The chairman of the Menominee Tribe said Thursday that the cultivation of industrial hemp should be “a mandate,” after the tribe voted in favor of legalizing marijuana in an advisory referendum last week.
In an interview on Wisconsin Public Radio, Gary Besaw said the Menominee are being cautious, and have not yet decided whether to move forward with legalizing marijuana. However, he predicted that at some point in time, the tribe will be growing industrial hemp on their reservation in northeastern Wisconsin.
“When you really look at all of the other various uses that hemp could give, it should be a mandate that you have to grow it, when you look at what it can do and how it can help reverse some of the wrongs that we’re doing to our farmland,” he said.
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The Wisconsin State Assembly is also considering a bill that would legalize hemp. Under federal law, it could only be grown for research.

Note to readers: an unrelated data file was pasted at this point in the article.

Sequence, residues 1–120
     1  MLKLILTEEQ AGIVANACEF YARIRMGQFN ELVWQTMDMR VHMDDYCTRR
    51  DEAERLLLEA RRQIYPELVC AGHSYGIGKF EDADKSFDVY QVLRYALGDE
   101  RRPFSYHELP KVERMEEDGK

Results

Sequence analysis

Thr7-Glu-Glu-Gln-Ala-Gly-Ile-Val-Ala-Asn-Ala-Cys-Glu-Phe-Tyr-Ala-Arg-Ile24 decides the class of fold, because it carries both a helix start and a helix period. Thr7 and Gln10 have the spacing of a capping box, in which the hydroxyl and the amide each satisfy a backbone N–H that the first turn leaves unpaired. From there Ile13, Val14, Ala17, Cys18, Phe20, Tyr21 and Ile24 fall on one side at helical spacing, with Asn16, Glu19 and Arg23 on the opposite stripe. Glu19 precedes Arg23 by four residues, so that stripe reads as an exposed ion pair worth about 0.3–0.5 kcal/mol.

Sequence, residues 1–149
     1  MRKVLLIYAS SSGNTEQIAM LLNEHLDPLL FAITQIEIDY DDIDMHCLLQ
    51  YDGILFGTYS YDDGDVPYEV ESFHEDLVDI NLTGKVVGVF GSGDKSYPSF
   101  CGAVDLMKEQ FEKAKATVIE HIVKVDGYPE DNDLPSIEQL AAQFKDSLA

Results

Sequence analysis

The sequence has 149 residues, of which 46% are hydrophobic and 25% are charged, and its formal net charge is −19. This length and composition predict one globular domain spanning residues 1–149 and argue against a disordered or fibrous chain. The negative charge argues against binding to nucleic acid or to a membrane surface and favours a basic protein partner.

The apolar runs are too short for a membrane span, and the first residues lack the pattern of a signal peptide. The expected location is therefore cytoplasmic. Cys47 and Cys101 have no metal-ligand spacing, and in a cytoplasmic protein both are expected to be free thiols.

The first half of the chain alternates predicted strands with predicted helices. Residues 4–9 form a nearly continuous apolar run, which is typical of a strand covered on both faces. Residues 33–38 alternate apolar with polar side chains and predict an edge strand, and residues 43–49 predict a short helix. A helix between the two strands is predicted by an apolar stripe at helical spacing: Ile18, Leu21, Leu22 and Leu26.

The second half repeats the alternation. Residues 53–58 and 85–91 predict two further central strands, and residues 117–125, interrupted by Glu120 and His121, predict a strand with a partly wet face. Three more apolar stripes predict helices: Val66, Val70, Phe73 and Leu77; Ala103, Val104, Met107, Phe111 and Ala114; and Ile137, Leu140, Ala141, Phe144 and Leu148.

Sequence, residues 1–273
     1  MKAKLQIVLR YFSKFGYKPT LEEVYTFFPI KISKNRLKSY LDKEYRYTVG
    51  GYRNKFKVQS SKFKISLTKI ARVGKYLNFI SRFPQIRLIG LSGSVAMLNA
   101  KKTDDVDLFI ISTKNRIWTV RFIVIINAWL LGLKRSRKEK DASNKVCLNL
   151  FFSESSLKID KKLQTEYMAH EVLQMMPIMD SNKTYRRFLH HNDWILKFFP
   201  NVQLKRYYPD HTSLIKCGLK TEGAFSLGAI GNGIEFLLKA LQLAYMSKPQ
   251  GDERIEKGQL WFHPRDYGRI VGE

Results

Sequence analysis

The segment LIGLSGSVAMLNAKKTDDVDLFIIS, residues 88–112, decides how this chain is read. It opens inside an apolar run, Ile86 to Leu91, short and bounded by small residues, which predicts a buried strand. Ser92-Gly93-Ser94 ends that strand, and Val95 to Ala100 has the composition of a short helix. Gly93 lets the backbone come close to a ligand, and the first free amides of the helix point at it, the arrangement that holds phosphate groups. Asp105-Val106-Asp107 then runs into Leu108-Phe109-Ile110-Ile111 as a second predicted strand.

The Menominee Tribe has been exploring the possibility of marijuana legalization ever since Gov. Scott Walker rejected plans for a major tribal casino in Kenosha. In early February, Besaw and other Menominee tribal members walked 155 miles to Madison to try to convince Walker to change his mind. In the WPR interview, Besaw said he lost respect for Walker after the refused to have a face-to-face with him once the trekkers arrived at the Capitol.
“Had the governor met with me, to look me in the eyes and say,’Chairman Besaw, I’m sorry, I’m still going to say no.’ But to not even give that respect of government-to-government communication or to talk to someone’s face, I lost a lot of respect,” said Besaw.
Besaw said there is a “nexus” between the cancellation of the casino and the tribe’s advisory vote to legalize marijuana, because of their need for revenue.
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